Farming forum: Barn Orientation

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So Cal (Zone 10b)
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OldGardener
Sep 8, 2013 9:09 AM CST
While planning the new barn, I keep coming across conflicting information on barn orientation (ie., north-south vs east-west). Both sides list the various pros/cons and the preference does not seem to be geographically linked (cold vs hot climate).

I have been studying the old structures (dating back to the depression era or earlier) on our plot and see that all of the buildings and remaining pads have been rotated approximately 12 degrees from the east-west axis roughly like so:

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There are multiple pads/buildings situated like this and they span over several acres so I believe that it was intentional. Any ideas as to why they would have rotated the buildings (does not appear to be topographically related)? Also. how has everyone else oriented their barn(s)?
"In the end, it's not the years in your life that count. It's the life in your years." -Abraham Lincoln
Name: Porkpal
Richmond, TX
Charter ATP Member I was one of the first 300 contributors to the plant database! Keeper of Poultry Farmer Roses Raises cows
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porkpal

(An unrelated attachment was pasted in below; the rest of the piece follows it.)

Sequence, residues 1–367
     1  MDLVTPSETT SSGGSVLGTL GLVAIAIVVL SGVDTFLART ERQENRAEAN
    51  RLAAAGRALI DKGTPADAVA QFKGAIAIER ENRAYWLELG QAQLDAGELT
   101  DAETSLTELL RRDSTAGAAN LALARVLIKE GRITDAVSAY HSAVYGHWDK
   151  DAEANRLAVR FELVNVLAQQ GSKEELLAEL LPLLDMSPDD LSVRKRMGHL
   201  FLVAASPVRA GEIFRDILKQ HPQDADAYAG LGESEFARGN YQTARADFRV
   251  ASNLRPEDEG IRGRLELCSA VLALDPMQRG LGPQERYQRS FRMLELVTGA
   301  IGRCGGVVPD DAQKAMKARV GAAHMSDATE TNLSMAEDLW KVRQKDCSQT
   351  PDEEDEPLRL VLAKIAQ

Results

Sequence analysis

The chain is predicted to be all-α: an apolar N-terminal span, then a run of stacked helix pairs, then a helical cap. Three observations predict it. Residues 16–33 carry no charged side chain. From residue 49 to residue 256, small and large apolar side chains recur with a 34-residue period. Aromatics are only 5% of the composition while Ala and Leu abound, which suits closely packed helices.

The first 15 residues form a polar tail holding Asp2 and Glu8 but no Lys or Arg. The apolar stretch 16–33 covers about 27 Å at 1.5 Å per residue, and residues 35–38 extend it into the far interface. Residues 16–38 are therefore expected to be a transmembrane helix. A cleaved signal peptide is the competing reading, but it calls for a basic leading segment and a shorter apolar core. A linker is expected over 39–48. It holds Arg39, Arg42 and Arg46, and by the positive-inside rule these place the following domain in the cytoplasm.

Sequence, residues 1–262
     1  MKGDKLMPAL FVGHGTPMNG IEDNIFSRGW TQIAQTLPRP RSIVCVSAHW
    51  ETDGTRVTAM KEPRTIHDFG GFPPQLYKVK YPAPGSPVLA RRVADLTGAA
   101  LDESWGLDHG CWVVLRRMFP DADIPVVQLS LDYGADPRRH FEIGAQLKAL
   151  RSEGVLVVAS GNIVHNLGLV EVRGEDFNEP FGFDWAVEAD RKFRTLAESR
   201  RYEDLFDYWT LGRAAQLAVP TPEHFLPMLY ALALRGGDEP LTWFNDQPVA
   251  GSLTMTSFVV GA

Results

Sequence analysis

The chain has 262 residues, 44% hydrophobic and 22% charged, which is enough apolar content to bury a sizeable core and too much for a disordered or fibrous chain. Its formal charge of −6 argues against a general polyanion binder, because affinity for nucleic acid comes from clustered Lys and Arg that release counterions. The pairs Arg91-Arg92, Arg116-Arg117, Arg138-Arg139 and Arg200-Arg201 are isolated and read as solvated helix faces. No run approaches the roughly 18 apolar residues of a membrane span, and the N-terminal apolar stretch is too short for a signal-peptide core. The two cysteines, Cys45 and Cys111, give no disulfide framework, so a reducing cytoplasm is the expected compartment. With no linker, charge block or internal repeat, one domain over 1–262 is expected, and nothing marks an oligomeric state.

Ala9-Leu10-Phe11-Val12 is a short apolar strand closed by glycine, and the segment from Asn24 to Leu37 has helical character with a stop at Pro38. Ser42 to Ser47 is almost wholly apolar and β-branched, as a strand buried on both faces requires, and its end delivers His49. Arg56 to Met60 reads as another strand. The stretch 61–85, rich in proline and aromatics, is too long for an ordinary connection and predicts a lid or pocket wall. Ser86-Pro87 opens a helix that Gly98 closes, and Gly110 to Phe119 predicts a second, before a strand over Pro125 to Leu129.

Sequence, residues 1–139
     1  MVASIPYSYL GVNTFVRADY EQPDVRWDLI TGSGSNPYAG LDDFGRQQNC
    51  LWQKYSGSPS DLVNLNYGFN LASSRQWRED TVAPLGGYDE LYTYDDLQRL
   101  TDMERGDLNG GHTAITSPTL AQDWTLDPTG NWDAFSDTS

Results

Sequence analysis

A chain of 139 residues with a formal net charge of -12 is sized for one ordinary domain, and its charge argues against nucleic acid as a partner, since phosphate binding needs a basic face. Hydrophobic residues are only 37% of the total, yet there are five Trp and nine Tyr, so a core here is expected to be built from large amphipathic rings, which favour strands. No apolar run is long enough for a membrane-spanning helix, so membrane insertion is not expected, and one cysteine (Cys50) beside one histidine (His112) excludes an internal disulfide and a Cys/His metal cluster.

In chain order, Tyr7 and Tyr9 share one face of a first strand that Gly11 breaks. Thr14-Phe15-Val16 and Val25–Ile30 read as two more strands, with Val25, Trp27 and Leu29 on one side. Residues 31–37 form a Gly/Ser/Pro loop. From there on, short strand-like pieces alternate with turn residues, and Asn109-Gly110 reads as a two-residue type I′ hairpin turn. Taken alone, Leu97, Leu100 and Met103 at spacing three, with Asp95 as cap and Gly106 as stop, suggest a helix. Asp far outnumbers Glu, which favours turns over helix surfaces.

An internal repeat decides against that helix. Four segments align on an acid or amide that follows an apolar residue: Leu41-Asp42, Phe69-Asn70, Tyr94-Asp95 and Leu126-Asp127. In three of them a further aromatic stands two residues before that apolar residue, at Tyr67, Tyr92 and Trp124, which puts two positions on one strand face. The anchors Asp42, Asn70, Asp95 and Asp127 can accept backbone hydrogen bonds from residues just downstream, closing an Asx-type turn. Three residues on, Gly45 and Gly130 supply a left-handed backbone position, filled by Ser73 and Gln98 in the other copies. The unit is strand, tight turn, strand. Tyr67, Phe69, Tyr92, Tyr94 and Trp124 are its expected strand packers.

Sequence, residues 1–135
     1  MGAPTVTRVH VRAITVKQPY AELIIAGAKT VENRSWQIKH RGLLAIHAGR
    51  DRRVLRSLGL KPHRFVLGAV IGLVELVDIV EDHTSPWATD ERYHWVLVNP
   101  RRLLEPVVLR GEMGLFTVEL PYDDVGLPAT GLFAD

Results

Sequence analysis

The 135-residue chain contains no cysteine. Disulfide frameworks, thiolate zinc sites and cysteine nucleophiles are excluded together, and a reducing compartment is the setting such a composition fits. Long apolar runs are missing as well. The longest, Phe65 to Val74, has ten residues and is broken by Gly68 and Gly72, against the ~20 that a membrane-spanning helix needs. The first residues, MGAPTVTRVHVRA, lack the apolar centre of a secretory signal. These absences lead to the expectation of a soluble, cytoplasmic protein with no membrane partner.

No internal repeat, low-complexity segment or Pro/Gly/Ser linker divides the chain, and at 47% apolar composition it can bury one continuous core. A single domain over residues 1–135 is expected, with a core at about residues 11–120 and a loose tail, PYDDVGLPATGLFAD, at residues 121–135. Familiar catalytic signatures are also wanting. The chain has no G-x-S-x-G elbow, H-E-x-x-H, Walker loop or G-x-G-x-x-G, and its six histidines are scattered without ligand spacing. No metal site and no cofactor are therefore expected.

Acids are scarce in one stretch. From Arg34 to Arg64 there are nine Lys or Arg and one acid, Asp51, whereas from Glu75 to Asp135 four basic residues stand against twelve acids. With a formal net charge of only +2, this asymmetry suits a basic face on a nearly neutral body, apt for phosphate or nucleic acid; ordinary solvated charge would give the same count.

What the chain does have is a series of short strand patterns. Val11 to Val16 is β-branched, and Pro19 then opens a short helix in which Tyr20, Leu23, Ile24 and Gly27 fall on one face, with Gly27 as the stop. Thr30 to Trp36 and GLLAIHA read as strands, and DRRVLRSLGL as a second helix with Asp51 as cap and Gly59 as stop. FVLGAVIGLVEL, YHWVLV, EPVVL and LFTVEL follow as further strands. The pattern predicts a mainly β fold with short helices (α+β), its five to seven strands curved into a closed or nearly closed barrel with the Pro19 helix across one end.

Sep 8, 2013 10:53 AM CST
Normally if you have a center-aisle barn you align it with the prevailing summer winds. Mine, therefore, faces SSE to allow the wind to blow through down the aisle.
Porkpal
Name: Joy Hall
Hempstead, TX (Zone 8b)
Lonesome Pine Farm
Farmer Region: Texas Dog Lover Hummingbirder Keeps Goats
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rouxcrew
Sep 8, 2013 11:16 AM CST
My barn which has a 14' wide center aisle, faces roughly north and south for the same reason. We have about a 300 day growing season and it really does help keep the inside cooler.
People, like sheep, tend to follow a leader - occasionally in the right direction. Alexander Chase
Name: Dave Whitinger
Jacksonville, Texas (Zone 8b)
Charter ATP Member Region: Texas Master Gardener: Texas Permaculture Raises cows I was one of the first 300 contributors to the plant database!
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dave
Sep 8, 2013 11:51 AM CST

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Mine is the same thing. Aligned perfectly with the summer winds so it faces SSE.
So Cal (Zone 10b)
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OldGardener
Sep 8, 2013 3:42 PM CST
Thank you all for the input.

After reading your responses, I checked our Texas location on USAirnet and we are located in the transition zone between SE to E winds. So, it appears the buildings were situated to take full advantage of the breeze, too.

It is odd that the university, association and government sites seem to focus on the alignment of a barn in relationship to the sun's daily and annual position and not the prevailing wind direction. I will go ahead and follow suit with all of you (and with the buildings already present on our land) and run the next barn in the same direction as the others. It seems to me that any benefit received by running the barn purely E/W or N/S in terms of heat reduction (sun position) is negligible in comparison to the cooling effect from the breeze and ventilation boost received by rotating the barn.

Again, a thousand thank yous!
"In the end, it's not the years in your life that count. It's the life in your years." -Abraham Lincoln
Name: Kathleen Tenpas
Wickwire Corners NY (Zone 5a)